•  Walmart shoppers (1+ / 0-)
    Recommended by:
    ...don't care.

    "Sell 'crazy' someplace else, we're all stocked up here." -Melvin Udall

    by hoof32 on Sat Jan 05, 2013 at 10:47:09 PM PST

  •  Every idea that I have these days (1+ / 0-)
    Recommended by:

    ..regarding these fuck's behavior is illegal and probably against describing on Kos website.

    White Hot Passion Hate isn't just for balding ayrian racists anymore. Walmart's very existence is wrong on too many levels to count.

    There must be someplace else to take quick-pics of obscenely obese wannabe tea-partiers shopping for cocoa-Puffs wearing puce thongs and plastic coconut bras.

    Dick's Guns, maybe..

    Poor people have too much money and vote too often. Republican platform plank, 1980 - present

    by Anthony Page aka SecondComing on Sun Jan 06, 2013 at 12:23:15 AM PST

  •  OK, but that's more or less the way city (0+ / 0-)

    inspectors work, too.

    It more or less takes an open flame by an open vat of gasoline next to a broken gas pipe in a building with all of the emergency exits and windows boarded up to get a place shut down immediately.

    Of course, I live in the Chicago area and we may not be like other places.

    LG: You know what? You got spunk. MR: Well, Yes... LG: I hate spunk!

    by dinotrac on Sun Jan 06, 2013 at 04:19:29 AM PST

  •  yea well... (0+ / 0-)

    'Walmart's CEO says 'we will not buy from an unsafe factory.'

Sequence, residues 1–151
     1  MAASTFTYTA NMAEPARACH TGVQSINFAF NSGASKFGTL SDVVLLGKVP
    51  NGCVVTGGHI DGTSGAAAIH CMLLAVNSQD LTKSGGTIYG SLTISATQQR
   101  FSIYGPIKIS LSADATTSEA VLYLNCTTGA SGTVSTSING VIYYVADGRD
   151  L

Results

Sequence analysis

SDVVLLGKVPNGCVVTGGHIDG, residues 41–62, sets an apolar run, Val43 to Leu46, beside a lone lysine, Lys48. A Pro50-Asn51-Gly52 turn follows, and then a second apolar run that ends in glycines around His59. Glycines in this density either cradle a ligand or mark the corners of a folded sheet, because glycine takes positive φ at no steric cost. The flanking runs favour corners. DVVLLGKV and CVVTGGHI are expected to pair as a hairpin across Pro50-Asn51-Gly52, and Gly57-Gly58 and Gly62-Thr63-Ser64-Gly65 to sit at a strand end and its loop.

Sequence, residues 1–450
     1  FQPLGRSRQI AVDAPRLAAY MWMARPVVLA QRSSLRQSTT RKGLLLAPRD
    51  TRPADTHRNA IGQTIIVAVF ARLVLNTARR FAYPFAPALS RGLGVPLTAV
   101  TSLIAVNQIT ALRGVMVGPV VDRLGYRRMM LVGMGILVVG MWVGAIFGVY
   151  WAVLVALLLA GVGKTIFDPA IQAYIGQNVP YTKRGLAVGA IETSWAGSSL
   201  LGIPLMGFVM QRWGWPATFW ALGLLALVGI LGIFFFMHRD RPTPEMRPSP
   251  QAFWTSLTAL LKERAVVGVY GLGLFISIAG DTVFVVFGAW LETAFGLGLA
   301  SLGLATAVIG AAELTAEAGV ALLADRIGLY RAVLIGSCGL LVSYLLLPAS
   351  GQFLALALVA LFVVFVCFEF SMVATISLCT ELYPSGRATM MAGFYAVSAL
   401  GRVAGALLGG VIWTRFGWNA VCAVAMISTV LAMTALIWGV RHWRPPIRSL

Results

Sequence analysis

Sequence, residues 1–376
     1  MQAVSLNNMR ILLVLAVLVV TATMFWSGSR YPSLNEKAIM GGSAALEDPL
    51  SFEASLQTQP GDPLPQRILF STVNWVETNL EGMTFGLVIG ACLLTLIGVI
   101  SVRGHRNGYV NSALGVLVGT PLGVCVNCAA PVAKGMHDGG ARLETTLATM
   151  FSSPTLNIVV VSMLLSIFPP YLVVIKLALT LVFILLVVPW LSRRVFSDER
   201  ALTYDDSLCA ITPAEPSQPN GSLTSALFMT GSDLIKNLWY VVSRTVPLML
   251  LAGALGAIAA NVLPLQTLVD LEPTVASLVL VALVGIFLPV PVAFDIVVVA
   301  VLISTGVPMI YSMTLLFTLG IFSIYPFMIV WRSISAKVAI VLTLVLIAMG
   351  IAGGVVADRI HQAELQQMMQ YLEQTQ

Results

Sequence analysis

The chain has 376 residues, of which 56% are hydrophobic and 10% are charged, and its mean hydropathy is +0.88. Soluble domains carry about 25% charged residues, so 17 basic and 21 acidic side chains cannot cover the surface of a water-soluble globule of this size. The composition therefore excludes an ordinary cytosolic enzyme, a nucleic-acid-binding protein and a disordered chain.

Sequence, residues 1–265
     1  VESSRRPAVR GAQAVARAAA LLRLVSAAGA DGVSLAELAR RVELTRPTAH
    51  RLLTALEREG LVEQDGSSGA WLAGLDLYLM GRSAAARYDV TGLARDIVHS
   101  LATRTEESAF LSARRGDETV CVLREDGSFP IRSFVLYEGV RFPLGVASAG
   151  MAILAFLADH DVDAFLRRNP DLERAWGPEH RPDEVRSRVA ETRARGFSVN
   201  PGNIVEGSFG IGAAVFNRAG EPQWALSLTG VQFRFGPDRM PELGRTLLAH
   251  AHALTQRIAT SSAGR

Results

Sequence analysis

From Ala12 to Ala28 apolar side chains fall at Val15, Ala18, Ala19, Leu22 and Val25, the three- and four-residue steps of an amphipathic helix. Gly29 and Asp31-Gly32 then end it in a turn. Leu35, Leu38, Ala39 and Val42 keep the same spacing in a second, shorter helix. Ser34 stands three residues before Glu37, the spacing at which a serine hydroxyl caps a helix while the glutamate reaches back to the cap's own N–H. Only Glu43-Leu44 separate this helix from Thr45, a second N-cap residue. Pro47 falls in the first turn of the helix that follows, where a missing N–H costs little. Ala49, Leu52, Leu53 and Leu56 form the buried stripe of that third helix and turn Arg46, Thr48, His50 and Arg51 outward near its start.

that sure is comforting to know....

    People who say they don't care what people think are usually desperate to have people think they don't care what people think. -George Carlin

    by downtownLALife on Sun Jan 06, 2013 at 05:18:38 AM PST

  •  "I Don't Want to See Any Unsafe Practices..." (0+ / 0-)

    I had one teacher in high school who had a system for giving tests.  He'd read aloud all the questions for the test into his tape recorder, and then on the day of the test he'd simply set up the tape recorder to play the questions.  Before he hit "PLAY",  he'd announce in a loud voice:  "I don't want to see any cheating."

    And then he'd go back into his office with his bottle of bourbon for the next hour.  At least the bourbon part was the popular rumor; I didn't particularly care for that teacher and never got close enough to him to smell his breath.

    Of course the class he taught was once which everyone had to take and everyone had to pass in order to graduate; so I suppose he had some incentive to make sure everyone passed one way or another.

    But Wal-mart's dilligence in making sure it's partners engage in ethical manufacturing practices make me think of that teacher.  Just as he was interested in passing students, Wal-mart cares about cheap merchendise; and as long as they meet those criteria, they aren't really interested in looking closer at anything else.

    "All the World's a Stage and Everyone's a Critic." -- Mervyn Alquist

    by quarkstomper on Sun Jan 06, 2013 at 05:48:25 AM PST

  •  'we will not buy from an unsafe factory' (0+ / 0-)

    What lies? You can't buy shit from a burned-out factory! On the other hand, watch out for Wal-Mart fire sales.